No athlete from Canada has ever won an Olympic gold medal on home soil.
But a year out from the 2010 Vancouver Winter Games, there are positive signs that dubious streak will end.
A victory by Calgary's John Kucera in the men's downhill Saturday at the world ski championships in Val D'Isere, France, highlighted a stellar weekend for Canadians on the world stage. Kucera became the first Canadian man ever to win the world downhill crown, an accomplishment that will surely place him in the spotlight when he competes in Vancouver.
Toronto's Patrick Chan won the men's title Saturday at the Four Nations figure skating event on the same Vancouver ice where the Olympic competition will be held.
Other Canadians are getting comfortable at Games venues as well.
Jennifer Heil of Spruce Grove, Alta., and Alexandre Bilodeau of Rosemere, Que., captured gold medals Saturday in women's and men's World Cup moguls events on the Olympic freestyle course in Whistler. On Friday night, Steve Omischl, the native of North Bay, Ont., who is the world's top-ranked men's aerialist, won gold there as well.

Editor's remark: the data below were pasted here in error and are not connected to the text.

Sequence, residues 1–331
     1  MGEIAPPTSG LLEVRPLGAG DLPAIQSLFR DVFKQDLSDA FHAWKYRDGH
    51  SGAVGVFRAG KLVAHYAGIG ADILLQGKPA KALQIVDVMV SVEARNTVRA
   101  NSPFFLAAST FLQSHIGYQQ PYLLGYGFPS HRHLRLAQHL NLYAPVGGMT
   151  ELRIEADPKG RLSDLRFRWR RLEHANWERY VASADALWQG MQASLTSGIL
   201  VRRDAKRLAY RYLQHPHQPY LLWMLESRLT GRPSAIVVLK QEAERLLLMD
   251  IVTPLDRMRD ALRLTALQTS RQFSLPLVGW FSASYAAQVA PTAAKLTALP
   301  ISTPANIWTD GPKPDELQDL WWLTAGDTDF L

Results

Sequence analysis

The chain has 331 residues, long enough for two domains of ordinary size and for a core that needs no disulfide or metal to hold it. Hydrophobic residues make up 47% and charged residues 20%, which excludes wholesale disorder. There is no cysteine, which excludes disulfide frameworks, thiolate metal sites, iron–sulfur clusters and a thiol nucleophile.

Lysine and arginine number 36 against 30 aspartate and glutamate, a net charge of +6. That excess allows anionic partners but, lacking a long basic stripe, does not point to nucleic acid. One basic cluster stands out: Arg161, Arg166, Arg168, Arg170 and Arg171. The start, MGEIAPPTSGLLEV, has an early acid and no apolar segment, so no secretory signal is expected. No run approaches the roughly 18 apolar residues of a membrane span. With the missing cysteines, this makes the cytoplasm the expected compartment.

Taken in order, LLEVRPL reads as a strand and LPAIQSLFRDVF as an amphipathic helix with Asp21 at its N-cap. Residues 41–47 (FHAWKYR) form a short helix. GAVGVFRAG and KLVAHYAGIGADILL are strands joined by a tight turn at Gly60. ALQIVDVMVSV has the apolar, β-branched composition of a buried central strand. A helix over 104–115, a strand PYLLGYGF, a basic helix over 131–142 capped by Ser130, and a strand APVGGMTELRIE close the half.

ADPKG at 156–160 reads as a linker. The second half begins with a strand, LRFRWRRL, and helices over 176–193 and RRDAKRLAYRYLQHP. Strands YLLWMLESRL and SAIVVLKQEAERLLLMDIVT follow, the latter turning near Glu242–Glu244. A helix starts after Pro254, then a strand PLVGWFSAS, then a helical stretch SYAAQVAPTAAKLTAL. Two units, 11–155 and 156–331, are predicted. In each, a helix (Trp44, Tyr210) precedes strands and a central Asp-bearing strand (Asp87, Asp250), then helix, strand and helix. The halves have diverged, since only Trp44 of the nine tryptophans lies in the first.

And in speedskating, Ottawa's Kristina Groves and Christine Nesbitt of London, Ont., finished first and second, respectively, in the women's 1,500-metre event at the world allround championships in Norway. This came after Nesbitt and Denny Morrison of Fort St. John, B.C., won 500-metre races Saturday.
Individual race winners only received points and the top three overall finishers were presented with medals. Groves claimed silver in the women's overall standings.
But it's Kucera who has come of age. He had previously won a World Cup super-G race at Lake Louise, Alta., in November 2006 but had never placed better than seventh in downhill - accomplishing that at Lake Louise in November 2007.
Chan's performance boosted Canada's medal total to four at the Four Continents. There was one in each discipline.
The Canadians picked up three silver medals earlier in the competition that was used as an official test event for the Vancouver Olympics: Joannie Rochette of Ile-Dupas, Que., in the women's singles; ice dancers Tessa Virtue of London, Ont., and Scott Moir of Ilderton, Ont.; and pairs skaters Jessica Dube of Drummondville, Que., and Bryce Davison of Cambridge, Ont.
The Four Continents event was held on NHL-sized ice, slightly smaller than the Olympic-sized version that will be in place next winter. But otherwise everything from the judges platform to the sound system to the timing and scoring was meant to mimic the Vancouver Games.
"I took the time to walk around the whole building," Chan said. "The change rooms are comfortable and I know where everything is.
"I'll be prepared when the Olympics hit next year."
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